Enhanced ATM port adapters (PA-A3) provide the ability to shape traffic on each VC according to the ATM service category and traffic parameters employed. When you use the IP to ATM CoS feature, congestion is managed entirely at the IP layer by WRED running on the routers at the edge of the ATM network.
Figure 27 illustrates the IP to ATM CoS support for a single ATM VC.
Figure 27 Single ATM Circuit Class
VC Bundle Support and Bundle Management
ATM VC bundle management allows you to configure multiple VCs that have different QoS characteristics between any pair of ATM-connected routers. As shown in Figure 28, these VCs are grouped in a bundle and are referred to as bundle members.
Figure 28 ATM VC Bundle
ATM VC bundle management allows you to define an ATM VC bundle and add VCs to it. Each VC of a bundle has its own ATM traffic class and ATM traffic parameters. You can apply attributes and characteristics to discrete VC bundle members or you can apply them collectively at the bundle level.
Using VC bundles, you can create differentiated service by flexibly distributing IP precedence levels over the different VC bundle members. You can map a single precedence level or a range of levels to each discrete VC in the bundle, thereby enabling individual VCs in the bundle to carry packets marked with different precedence levels. You can use WRED (or DWRED) to further differentiate service across traffic that has different IP precedences but that uses the same VC in a bundle.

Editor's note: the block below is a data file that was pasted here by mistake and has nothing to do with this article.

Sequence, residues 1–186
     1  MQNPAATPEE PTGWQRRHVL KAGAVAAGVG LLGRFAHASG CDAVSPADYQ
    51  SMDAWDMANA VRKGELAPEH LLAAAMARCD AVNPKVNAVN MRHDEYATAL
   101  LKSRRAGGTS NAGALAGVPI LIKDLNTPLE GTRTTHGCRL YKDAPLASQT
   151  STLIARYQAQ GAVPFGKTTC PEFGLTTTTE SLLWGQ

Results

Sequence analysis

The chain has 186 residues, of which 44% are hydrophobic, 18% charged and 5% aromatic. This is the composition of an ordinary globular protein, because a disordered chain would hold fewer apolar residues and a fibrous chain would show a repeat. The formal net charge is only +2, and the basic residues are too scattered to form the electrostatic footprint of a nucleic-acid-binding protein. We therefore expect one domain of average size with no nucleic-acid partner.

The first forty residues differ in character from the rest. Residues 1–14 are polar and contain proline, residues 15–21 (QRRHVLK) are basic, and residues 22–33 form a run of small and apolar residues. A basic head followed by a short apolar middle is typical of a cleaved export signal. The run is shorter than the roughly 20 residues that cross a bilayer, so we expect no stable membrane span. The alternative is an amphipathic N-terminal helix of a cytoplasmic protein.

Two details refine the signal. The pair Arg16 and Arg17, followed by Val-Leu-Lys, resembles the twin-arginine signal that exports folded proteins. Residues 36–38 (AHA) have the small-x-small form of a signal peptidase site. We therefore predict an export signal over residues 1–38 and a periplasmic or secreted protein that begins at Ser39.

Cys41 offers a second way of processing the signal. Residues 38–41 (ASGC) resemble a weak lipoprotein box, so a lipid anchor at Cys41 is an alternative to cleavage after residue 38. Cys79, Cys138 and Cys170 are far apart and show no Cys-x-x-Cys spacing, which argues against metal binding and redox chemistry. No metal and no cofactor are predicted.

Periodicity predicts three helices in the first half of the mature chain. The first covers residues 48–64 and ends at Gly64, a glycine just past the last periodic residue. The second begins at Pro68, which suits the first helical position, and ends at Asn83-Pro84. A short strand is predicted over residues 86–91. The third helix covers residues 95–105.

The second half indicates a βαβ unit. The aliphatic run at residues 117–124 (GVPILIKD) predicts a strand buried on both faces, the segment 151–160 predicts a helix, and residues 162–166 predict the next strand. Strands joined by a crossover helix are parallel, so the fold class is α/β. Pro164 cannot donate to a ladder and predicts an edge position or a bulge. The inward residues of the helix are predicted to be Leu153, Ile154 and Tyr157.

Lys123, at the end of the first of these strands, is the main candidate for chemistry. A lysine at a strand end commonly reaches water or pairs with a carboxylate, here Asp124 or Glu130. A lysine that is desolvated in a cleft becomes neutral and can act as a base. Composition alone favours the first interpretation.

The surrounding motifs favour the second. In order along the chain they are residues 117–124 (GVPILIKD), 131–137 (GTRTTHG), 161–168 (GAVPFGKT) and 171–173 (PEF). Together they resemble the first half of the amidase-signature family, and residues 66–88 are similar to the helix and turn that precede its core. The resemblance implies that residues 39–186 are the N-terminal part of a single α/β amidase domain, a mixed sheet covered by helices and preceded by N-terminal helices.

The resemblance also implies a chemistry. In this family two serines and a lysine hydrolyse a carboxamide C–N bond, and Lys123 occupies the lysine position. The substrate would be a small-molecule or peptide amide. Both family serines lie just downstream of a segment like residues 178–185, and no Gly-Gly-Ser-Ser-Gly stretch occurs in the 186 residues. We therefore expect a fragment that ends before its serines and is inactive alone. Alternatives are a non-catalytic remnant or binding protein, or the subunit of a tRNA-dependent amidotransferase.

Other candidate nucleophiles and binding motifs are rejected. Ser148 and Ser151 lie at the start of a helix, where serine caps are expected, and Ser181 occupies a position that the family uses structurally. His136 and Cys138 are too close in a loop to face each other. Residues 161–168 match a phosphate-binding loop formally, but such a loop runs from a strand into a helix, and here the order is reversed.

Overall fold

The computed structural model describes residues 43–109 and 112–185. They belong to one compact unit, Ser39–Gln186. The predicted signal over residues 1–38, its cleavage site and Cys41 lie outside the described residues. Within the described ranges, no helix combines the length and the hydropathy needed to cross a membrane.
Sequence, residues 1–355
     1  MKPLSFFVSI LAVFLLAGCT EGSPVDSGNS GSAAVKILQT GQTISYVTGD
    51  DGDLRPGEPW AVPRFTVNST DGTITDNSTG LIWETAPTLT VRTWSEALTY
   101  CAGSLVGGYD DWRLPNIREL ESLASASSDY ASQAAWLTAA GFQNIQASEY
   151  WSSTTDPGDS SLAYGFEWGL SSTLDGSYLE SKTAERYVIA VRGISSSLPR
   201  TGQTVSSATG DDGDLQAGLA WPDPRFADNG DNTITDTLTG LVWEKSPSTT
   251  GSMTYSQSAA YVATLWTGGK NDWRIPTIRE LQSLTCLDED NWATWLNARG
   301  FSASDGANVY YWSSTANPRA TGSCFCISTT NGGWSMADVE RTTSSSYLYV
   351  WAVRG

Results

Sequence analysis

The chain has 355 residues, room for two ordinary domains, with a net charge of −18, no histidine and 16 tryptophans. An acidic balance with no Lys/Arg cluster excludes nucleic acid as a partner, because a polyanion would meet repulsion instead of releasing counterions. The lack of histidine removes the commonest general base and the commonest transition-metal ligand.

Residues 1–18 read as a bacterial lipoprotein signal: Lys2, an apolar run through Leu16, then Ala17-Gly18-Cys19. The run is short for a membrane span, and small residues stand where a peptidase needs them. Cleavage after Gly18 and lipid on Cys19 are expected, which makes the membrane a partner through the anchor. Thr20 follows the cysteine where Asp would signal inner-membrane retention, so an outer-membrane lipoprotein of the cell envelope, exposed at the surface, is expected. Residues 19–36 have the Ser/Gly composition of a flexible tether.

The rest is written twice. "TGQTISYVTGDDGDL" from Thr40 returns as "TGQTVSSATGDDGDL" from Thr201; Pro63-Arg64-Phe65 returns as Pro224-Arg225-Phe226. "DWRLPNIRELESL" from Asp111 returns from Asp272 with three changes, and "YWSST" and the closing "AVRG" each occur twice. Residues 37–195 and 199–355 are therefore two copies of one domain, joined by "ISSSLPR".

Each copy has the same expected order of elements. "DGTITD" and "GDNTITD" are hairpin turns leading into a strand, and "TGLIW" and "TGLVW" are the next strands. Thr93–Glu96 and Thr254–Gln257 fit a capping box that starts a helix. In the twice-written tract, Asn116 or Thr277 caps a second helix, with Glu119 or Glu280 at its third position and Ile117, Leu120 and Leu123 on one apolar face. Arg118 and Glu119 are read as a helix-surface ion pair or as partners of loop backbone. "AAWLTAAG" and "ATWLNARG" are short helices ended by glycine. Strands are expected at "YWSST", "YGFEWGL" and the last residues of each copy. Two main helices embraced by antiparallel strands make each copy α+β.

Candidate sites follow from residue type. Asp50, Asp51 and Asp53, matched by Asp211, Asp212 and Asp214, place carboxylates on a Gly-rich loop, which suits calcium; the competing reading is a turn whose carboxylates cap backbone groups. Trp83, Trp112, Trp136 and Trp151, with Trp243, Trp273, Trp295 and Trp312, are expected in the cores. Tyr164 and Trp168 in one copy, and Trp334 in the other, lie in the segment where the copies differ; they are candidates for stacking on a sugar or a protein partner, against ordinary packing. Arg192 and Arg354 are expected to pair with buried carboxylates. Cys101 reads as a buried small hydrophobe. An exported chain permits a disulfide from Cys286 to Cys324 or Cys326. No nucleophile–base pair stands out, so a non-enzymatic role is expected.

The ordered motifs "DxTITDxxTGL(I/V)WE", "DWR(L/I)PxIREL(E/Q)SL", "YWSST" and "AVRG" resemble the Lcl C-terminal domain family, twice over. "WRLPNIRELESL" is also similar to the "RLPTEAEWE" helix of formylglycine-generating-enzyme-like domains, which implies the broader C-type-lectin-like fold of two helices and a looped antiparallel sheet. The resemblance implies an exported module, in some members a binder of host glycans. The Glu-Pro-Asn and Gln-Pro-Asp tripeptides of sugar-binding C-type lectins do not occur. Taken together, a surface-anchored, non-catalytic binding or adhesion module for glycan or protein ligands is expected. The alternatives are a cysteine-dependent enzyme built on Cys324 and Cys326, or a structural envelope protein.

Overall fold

To determine which VC in the bundle to use to forward a packet to its destination, the ATM VC bundle management software matches precedence levels between packets and VCs (see Figure 29). IP traffic is sent to the next hop address for the bundle because all VCs in a bundle share the same destination, but the VC used to carry a packet depends on the value set for that packet in the IP Precedence bits of the type of service (ToS) byte of its header. The ATM VC bundle management software matches the IP precedence of the packet to the IP Precedence value or range of values assigned to a VC, sending the packet out on the appropriate VC. Moreover, the ATM VC bundle management feature allows you to configure how traffic will be redirected when the VC the packet was matched to goes down. Figure 29 illustrates how the ATM VC bundle management software determines which permanent virtual circuit (PVC) bundle member to use to carry a packet and how WRED (or DWRED) is used to differentiate traffic on the same VC.